The £30,000 Rathbones Folio Prize has gone to a poet, Raymond Antrobus, for the first time, with the spoken word performer recognised for his “exceptionally brave, kind” debut collection The Perseverance (Penned in the Margins).
The 33-year-old writer's collection spans history and continents, exploring issues such as his diagnosis with deafness as a child, experiences of being mixed heritage, and thoughts on masculinity, as well as his father’s alcoholism and dementia. The Perseverance was published as a 91-page paperback last October by London-based poetry indie Penned in the Margins..
Antrobus became the first poet to win the prize, which goes to the best work of literature of the year of any form, at a ceremony held at the British Library on Monday evening (20th May). Accepting the prize, Antrobus said: "Thank you…sorry, this is so bizarre. This is a dream! I honestly don’t know what to say. Let’s big up all the poets in the audience. For so long people were like ‘don’t write poetry’; no one buys it, no one reads it, you’ll sell a maximum of 400 copies and then this happens."
Antrobus narrowly beat crowdfunded novel Mary Ann Sate, Imbecile by Alice Jolly, judges revealed, as well triumphing over Anna Burns’ Man Booker Prize-winning Milkman (Faber) and Ordinary People (Chatto and Windus) by Diana Evans. Other titles on the eight-strong shortlist included New Zealander Ashley Young’s book of essays Can You Tolerate This? (Bloomsbury), Edward Stanford Travel Writing winner The Crossway by Guy Stagg (Picador), Carys Davies’ novella West (Granta) and Tommy Orange’s novel about the Native American experience There There (Harvill Secker).
The win comes almost two months after Antrobus scooped the Ted Hughes Award. The collection, which contains a challenge of Ted Hughes’s description of deaf children, was also shortlisted for the Griffin Prize, the Jhalak Prize, and the Somerset Maugham Award.
Antrobus was born in Hackney, east London, to an English mother and a Jamaican father. At school, he was thought to be dyslexic with severe learning disabilities because his deafness was only discovered when he was six. He is one of the world’s first recipients of an MA in Spoken Word Education, from Goldsmiths in London, and now works nationally and internationally as a poet and teacher. He was London Book Fair’s Poet of the Fair in March and recenlty signed his first picture book deal with Walker Books about a father and son journey where Boy Bear struggles to fit into the hearing world.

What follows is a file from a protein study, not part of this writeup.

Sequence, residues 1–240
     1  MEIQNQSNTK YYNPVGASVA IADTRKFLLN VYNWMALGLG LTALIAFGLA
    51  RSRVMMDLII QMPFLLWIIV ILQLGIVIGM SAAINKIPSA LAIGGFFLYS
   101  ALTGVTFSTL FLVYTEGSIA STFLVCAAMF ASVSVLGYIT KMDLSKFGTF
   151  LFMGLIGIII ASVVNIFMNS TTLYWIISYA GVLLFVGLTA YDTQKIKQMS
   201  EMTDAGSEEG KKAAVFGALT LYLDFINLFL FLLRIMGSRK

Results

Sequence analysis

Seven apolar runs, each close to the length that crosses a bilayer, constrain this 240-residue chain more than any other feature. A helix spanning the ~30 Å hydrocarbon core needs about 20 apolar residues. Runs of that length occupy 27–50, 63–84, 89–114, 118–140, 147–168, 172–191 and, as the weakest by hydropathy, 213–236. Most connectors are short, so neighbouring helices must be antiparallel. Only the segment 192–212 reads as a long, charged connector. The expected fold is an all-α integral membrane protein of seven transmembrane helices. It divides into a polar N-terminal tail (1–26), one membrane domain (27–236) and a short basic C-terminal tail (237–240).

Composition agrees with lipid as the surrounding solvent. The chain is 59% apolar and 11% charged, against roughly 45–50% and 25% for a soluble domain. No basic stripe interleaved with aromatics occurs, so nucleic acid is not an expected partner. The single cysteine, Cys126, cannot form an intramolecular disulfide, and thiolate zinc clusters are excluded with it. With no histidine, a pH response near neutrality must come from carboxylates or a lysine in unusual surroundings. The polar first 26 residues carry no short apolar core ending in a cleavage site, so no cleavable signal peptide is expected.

The 2019 judges were the writers Kate Clanchy, Chloe Aridjis and Owen Sheers. Clanchy said: “We chose eight books we loved in different genres and deciding between them was painful. In the end it came down to two books and a tense vote.
"Alice Jolly’s Mary Anne Sate, Imbecile, is a feat of voice: the story of a 19th century servant told in short lines which jag down the page like stitches or epitaphs – a startling, original work of remembrance. In the end, though, we agreed on Raymond Antrobus’ The Perseverance, an immensely moving book of poetry which uses his D/ deaf experience, bereavement and Jamaican/British heritage to consider the ways we all communicate with each other."
She added: “It’s an exceptionally brave, kind book: it seemed, in our atomised times, to be the book we most wanted to give to others, the book we all needed to read.”
Launched in 2013, the Rathbones Folio Prize is the only literary prize in which all books, fiction and non-fiction, are judged, strictly on merit, by an Academy of writers. The Folio Prize ran for the first time in 2014 but was suspended for 2016 following the ending of its initial two-year sponsorship from The Folio Society. It later secured sponsorship from Rathbones.
Renewed sponsorship from Rathbone Investment Management recently boosted the prize-money from £20,000 to £30,000 as well as securing the future of the award until 2023.
Last year's winner was Ghosts of the Tsunami by Richard Lloyd Parry (Jonathan Cape).